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District Court of Appeal, Second District, Division 3, California.

IMHOFF et al. v. TITLE INS. & TRUST CO. et al.

Civ. 18828.

Decided: September 18, 1952

Riedman & Silverberg and Ven O. Fahrney, Long Beach, for appellant. F. Henry NeCasek, Long Beach, for respondents.

Action to quiet title to personal property (proceeds of sale of real property under a trust deed), and for declaratory relief. Judgment was for plaintiffs and defendant Martin. Defendant Swenson appeals from the judgment.

Appellant contends that his materialman's lien is prior to plaintiffs' alleged lien under a deed of trust for future advances of money.

On October 20, 1947, Merle J. Olson executed a promissory note for $1,300 and a trust deed covering two lots on Summit Avenue in Long Beach. The note was payable to parties other than plaintiffs, and the deed recited that it was made for the purpose of securing the indebtedness evidenced by the note and ‘payment of such additional sums with interest thereon, as may be hereafter borrowed from Beneficiary by the maker of said note, when evidenced by another promissory note.’ The deed also recited that: ‘The term Beneficiary shall mean the owner and holder, including pledgees, of the note secured hereby, whether or not named as Beneficiary herein.’ The trust deed was recorded on October 30, 1947.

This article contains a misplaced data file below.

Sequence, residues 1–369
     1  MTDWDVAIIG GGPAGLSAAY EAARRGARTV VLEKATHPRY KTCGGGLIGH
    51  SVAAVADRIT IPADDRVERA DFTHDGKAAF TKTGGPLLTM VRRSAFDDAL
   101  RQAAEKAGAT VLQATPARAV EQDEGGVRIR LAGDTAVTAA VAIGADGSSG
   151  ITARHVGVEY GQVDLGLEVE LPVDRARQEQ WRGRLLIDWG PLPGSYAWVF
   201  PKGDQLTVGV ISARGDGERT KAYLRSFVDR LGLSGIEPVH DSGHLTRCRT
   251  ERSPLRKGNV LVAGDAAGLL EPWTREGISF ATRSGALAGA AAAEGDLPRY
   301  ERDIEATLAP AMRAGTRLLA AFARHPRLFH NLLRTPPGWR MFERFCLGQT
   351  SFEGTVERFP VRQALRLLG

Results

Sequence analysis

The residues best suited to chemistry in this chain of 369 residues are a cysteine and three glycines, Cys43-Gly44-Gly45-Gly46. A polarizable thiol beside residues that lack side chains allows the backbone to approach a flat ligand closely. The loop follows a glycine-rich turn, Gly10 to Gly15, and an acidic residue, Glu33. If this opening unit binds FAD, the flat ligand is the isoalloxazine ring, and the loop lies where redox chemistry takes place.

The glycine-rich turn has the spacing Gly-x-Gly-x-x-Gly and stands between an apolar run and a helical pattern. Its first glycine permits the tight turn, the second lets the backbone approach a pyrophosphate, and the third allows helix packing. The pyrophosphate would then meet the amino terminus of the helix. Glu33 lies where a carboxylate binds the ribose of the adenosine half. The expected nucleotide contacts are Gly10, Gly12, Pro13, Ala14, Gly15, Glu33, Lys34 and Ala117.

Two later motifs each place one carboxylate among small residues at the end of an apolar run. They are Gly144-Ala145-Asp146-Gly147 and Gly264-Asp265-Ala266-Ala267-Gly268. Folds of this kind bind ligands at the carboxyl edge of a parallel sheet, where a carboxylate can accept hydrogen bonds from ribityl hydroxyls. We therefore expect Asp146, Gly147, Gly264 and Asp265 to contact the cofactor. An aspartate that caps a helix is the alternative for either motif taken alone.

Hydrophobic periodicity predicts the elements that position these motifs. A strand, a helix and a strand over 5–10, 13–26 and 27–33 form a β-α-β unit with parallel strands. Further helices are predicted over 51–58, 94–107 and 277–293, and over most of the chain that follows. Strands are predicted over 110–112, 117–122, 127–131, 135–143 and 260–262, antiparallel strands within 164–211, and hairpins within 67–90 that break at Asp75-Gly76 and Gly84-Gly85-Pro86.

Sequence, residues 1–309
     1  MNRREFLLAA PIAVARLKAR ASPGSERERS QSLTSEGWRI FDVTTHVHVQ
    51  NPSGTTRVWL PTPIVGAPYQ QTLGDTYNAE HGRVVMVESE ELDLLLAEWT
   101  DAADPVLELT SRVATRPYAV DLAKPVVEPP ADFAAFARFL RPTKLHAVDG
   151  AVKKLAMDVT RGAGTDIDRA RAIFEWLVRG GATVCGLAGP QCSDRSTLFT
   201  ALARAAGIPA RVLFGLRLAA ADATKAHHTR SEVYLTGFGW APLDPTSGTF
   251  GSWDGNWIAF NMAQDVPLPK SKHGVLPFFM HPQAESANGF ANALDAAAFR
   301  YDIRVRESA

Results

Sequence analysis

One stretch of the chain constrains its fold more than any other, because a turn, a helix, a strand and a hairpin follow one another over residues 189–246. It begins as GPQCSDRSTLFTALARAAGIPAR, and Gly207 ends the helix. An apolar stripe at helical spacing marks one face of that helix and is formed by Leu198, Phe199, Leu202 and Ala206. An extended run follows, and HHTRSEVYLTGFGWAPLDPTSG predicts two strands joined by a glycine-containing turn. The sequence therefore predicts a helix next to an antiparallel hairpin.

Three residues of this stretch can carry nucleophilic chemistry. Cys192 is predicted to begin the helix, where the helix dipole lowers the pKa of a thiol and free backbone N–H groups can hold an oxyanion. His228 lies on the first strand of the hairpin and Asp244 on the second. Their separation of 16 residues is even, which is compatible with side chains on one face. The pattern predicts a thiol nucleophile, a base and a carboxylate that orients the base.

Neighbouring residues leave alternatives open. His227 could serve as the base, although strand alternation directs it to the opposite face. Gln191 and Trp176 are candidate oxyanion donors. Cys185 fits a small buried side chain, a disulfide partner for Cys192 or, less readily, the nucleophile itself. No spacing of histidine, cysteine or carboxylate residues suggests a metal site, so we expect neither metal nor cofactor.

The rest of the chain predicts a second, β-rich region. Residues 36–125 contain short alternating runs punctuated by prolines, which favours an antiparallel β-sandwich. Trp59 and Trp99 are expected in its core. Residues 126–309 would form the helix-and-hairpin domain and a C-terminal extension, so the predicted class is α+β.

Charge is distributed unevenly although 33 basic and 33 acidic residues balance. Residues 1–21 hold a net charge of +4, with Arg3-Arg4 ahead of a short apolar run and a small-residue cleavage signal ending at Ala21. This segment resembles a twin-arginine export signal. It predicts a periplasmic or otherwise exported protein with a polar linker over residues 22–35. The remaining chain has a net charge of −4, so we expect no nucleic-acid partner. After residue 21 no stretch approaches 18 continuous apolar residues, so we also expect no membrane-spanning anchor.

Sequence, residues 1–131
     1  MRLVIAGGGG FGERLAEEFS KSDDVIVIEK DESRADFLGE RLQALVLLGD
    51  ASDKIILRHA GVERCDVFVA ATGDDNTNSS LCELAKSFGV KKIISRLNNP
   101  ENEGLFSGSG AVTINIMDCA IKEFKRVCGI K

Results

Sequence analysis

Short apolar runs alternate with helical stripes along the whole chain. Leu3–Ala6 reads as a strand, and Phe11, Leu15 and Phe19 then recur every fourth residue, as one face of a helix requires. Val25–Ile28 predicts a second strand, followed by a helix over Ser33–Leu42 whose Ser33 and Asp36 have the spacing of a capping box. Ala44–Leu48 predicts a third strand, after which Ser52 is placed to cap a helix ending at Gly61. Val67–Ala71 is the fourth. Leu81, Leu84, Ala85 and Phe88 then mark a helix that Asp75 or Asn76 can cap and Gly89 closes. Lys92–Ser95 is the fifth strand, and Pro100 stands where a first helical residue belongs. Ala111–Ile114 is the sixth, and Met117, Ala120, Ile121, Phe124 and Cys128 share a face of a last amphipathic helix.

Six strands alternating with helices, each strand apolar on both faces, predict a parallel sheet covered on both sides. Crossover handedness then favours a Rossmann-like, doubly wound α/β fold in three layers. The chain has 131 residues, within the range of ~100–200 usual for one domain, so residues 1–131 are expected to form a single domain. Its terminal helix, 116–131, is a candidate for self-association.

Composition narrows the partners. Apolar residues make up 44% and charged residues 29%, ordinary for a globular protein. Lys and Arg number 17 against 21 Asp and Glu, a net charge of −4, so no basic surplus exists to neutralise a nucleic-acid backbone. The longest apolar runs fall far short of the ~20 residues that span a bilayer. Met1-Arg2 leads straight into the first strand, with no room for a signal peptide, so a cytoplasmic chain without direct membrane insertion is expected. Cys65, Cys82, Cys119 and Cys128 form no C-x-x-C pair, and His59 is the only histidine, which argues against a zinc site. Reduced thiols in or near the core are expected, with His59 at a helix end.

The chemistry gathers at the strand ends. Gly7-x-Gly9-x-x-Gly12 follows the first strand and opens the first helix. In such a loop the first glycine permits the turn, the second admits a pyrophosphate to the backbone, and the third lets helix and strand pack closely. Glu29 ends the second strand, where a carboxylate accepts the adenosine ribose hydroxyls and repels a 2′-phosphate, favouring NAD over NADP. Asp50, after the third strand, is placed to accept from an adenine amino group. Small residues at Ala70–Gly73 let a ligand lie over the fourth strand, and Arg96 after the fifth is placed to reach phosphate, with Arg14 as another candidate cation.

On May 13, 1948, the beneficiaries under the trust deed assigned it and the note to the plaintiffs herein, husband and wife. The assignment was not recorded. Also on said May 13th Olson executed his promissory note for $1,140.32 (payable to plaintiffs) and a second trust deed covering the said two lots as security for the payment of the note. The second trust deed was recorded on July 8, 1948. Thereafter plaintiffs lent Olson additional sums of money as follows: $1,000 on June 1, 1948; $500 on July 25, 1948; and $500 on November 9, 1948. Olson executed promissory notes for said amounts. At the top of the note for $1,000 there is handwriting as follows: ‘First Trust Deed on property at 1518 W. Summit as Security. Long Beach, Calif.’

On August 20, 1948, Olson executed another trust deed covering said lots to secure payment of his note for $1,075 which was payable to defendant Martin. Said trust deed was recorded on August 23, 1948.